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Elastic Potential Energy Question

  1. Nov 27, 2009 #1
    1. The problem statement, all variables and given/known data
    PinballMachine.jpg

    A pinball machine launches a 90g ball with a spring driven plunger. The game board is inclined at an angle of 6[tex]\circ[/tex] above the horizontal.

    Assume the plunger's mass and frictional effects are negligible. The acceleration of gravity is 9.8m/s2.

    Find the force constant k of the spring that will give the ball a speed of 101cm/s when the plunger is released from rest with the spring compressed 4 cm from its relaxed position.
    Answer in units of N/m.


    2. Relevant equations
    Not too sure, but...
    Fg=mgsin[tex]\Theta[/tex]
    F=-kx
    [tex]\sum[/tex]F=ma
    And since I see something about speed in there, I assume we'll need a kinematic equation as well? From what I can tell it looks like:
    Vf2=Vi2+2ax

    3. The attempt at a solution

    To start, everything needs converted from cm to m. Next...I'm guessing what needs done is I need to find the acceleration necessary to get the ball from rest to 1.01m/s within 0.04m. Then once that's been found, would I calculate the net force and solve for k in that equation?
     
  2. jcsd
  3. Nov 27, 2009 #2

    kuruman

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    Try using conservation of mechanical energy.
     
  4. Nov 27, 2009 #3
    Ok. So...

    [tex]\frac{1}{2}[/tex]kx2=mgh+[tex]\frac{1}{2}[/tex]mv2?
     
  5. Nov 27, 2009 #4

    kuruman

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    Correct. You need to do some trig to find h.
     
  6. Nov 27, 2009 #5
    Right. Figured. Now, do I need to account for the incline with the force of gravity, or is it good at 9.8?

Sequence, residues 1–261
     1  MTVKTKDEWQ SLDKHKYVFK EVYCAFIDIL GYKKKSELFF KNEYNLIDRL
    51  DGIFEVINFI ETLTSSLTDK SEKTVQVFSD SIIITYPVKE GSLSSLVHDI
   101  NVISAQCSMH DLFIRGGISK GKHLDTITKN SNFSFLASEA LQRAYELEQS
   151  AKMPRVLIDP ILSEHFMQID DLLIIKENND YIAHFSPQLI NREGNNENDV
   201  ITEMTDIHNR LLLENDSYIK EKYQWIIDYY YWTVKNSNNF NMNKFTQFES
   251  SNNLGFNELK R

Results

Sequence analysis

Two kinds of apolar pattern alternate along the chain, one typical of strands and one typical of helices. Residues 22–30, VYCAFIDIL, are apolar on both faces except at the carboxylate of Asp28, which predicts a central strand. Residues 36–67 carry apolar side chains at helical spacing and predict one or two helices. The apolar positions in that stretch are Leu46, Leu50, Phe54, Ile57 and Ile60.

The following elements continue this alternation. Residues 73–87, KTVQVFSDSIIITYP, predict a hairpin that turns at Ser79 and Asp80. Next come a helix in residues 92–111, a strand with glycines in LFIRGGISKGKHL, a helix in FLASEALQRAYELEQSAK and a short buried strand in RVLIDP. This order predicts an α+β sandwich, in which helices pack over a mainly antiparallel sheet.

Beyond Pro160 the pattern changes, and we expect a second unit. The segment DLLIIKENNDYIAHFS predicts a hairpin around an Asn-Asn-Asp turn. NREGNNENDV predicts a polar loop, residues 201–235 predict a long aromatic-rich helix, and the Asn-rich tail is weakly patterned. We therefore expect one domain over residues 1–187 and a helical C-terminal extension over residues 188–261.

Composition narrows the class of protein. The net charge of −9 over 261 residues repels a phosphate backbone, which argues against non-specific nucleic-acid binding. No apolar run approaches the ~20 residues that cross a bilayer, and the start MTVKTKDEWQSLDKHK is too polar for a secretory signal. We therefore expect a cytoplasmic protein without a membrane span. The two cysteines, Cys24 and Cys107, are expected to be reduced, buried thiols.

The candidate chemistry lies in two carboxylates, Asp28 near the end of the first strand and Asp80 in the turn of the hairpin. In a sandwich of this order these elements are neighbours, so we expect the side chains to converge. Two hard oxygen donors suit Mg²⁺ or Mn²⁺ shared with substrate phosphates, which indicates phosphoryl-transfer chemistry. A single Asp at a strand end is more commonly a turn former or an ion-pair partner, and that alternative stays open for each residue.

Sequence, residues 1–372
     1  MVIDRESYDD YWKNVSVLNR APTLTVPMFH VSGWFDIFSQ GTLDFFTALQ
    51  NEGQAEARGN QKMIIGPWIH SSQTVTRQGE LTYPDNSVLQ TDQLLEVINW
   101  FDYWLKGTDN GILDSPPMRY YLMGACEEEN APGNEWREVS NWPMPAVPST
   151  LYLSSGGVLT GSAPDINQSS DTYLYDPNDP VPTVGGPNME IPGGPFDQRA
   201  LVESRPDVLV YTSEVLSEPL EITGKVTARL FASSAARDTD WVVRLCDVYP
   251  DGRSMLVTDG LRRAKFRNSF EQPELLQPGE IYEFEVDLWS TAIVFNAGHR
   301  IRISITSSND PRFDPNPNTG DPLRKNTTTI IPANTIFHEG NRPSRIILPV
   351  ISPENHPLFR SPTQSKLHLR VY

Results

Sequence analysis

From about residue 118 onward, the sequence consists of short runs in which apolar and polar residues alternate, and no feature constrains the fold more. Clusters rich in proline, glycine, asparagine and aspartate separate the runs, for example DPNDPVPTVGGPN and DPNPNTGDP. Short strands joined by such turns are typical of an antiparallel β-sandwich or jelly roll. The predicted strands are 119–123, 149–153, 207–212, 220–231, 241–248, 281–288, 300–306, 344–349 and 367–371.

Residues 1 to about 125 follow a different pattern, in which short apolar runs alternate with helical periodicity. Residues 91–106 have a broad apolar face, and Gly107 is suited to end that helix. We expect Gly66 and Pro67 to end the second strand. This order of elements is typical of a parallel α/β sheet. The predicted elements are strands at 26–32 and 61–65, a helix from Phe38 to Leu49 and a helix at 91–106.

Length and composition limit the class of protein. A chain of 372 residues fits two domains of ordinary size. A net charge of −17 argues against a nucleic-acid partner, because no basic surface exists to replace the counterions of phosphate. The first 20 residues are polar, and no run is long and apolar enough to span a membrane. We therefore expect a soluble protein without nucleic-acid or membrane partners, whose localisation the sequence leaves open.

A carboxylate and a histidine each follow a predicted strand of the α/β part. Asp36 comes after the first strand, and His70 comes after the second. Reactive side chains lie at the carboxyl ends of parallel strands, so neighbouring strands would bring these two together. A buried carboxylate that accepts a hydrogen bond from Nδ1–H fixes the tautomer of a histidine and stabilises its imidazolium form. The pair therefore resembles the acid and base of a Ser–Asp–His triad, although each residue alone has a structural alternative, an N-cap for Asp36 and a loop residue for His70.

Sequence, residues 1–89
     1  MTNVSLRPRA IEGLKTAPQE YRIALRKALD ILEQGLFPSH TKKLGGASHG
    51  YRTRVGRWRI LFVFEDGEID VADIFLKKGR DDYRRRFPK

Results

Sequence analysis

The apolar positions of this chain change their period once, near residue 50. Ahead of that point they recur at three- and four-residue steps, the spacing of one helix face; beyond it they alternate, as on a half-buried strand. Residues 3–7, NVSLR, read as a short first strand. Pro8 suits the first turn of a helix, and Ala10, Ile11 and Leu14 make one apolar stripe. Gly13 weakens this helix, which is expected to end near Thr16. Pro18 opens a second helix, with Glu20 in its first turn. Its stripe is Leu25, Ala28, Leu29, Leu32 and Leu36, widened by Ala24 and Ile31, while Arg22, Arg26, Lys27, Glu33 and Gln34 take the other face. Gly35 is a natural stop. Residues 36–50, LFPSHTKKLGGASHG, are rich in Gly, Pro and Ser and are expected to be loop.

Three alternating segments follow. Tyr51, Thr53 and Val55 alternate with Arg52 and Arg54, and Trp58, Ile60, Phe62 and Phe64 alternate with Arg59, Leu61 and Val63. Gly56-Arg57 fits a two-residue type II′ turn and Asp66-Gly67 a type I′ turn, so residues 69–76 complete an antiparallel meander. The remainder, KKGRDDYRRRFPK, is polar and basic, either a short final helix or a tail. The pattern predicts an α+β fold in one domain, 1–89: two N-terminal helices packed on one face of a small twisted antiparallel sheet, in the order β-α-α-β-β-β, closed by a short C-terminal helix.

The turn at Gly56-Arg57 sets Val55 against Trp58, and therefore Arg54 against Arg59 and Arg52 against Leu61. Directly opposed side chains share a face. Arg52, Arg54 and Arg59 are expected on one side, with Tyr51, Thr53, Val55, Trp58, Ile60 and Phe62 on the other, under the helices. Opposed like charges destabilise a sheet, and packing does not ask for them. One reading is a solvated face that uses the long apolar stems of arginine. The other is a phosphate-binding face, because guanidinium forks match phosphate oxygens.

7. Nov 27, 2009 #6

    kuruman

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    I am not sure what you mean. In mgh, the symbol "h" stands for "change in height". What is the change in height of the ball in this case?
     
  8. Nov 27, 2009 #7
    I get how to do height. My above question was about gravity. The force of gravity on an incline is mgsin[tex]\Theta[/tex]. I was wondering if that was necessary here because height is just straight up and down, like gravity.

    Oh, and height would be x*sin[tex]\Theta[/tex].
     
  9. Nov 27, 2009 #8

    kuruman

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    It is not necessary. The work done by gravity when the ball moves up the incline by distance d is Wg=-mgdsinθ = -mgh which the negative of the potential energy change. So when you put in the potential energy change as mgh, you are taking care of the effects of gravity.
     
  10. Nov 27, 2009 #9
    hmm...ok that makes sense. So I should get 61.9903N/m, right? The equation I got was:

    [tex]\frac{m}{x^2}[/tex](2gxsin[tex]\Theta[/tex]+Vf2)
     
  11. Nov 27, 2009 #10

    kuruman

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    I didn't put in the numbers, but your expression looks right.
     
  12. Nov 27, 2009 #11
    The homework site accepted it as correct. Thank you very much.
     
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